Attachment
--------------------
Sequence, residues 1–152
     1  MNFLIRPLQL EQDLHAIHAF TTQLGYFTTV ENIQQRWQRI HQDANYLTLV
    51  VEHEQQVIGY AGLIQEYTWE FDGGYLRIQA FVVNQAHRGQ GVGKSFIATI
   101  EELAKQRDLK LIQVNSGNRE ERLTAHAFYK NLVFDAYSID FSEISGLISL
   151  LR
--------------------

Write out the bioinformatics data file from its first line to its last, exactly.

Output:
Sequence, residues 1–152
     1  MNFLIRPLQL EQDLHAIHAF TTQLGYFTTV ENIQQRWQRI HQDANYLTLV
    51  VEHEQQVIGY AGLIQEYTWE FDGGYLRIQA FVVNQAHRGQ GVGKSFIATI
   101  EELAKQRDLK LIQVNSGNRE ERLTAHAFYK NLVFDAYSID FSEISGLISL
   151  LR